Social distancing has stripped us of our face-to-face interactions and recreational forms of cultural enrichment. As we’re all adjusting to the new norm, we’ve had to find alternative sources to fill this void of extracurricular education.
In lieu of visiting a museum, you may be scrolling through photos of the last time you visited the Renwick Gallery or Philadelphia Museum of Art, wishing their were a more hands-on way to relive the experiences.
Consider your wish granted. Cuseum has recently announced the release of their augmented reality technology that allows users to engage with famous artwork and virtually display it in their own humble abode.
Frustrated by the lack of superheroes that “looked like his son,” engineer and educator Naseed Gifted created his own superhero: “P.B. Soldier.”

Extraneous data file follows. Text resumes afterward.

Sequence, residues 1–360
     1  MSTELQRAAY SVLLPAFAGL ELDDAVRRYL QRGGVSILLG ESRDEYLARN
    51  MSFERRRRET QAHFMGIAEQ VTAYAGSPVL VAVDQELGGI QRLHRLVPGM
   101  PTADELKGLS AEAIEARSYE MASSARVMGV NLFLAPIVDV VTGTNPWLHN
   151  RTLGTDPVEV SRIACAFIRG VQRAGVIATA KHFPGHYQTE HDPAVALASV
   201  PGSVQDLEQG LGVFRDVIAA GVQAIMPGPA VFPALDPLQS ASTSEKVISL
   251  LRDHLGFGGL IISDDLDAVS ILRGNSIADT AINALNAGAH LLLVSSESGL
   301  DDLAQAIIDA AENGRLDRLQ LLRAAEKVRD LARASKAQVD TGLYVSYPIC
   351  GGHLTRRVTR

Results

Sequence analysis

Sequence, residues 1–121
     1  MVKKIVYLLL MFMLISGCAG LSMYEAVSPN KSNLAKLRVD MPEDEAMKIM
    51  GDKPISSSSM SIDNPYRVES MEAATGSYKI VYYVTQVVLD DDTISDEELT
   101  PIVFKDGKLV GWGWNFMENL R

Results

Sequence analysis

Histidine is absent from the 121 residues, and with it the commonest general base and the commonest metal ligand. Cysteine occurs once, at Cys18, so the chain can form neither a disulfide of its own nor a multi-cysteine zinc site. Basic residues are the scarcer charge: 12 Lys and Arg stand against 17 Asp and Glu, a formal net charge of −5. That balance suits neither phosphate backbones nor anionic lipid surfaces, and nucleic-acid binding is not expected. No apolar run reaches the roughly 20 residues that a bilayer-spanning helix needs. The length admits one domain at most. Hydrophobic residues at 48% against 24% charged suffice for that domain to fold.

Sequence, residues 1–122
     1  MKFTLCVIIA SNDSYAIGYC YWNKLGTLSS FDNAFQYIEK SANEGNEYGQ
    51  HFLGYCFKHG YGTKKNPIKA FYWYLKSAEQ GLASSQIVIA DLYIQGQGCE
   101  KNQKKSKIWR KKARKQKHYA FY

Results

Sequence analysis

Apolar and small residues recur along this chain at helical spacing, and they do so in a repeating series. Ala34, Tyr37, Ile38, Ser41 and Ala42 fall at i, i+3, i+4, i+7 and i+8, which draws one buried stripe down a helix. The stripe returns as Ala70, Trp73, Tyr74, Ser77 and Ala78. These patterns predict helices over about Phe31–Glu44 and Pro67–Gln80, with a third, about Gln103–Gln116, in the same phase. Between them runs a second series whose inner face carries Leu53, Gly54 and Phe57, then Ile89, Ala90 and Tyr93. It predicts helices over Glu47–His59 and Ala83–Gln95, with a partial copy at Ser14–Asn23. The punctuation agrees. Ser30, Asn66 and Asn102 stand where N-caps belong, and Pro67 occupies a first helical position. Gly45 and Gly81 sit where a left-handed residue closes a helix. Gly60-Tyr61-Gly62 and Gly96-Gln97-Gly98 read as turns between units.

“P.B. Soldier” truly resonates with the reader by combining history, science, and real-world experiences in an enriching and educational 65-episode story arch.
“When you talk about imagination, you want people to be able to dream again,” Gifted said during our recent interview. “That’s what this whole project is about, having individuals be able to dream and see themselves in the story.”
During our phone call with Gifted, we learned more origin story for “P.B. Soldier” and its Kickstarter campaign that launched this month.
Vans invites all public and private high school artists to participate in their eleventh annual Vans Custom Culture, an art contest designed to “inspire and empower high school students to embrace their creativity through art and design and to bring attention to diminishing arts education budgets.”
Registration is open now through Jan. 31 and the grand-prize winner of $75,000 will be announced in mid-May.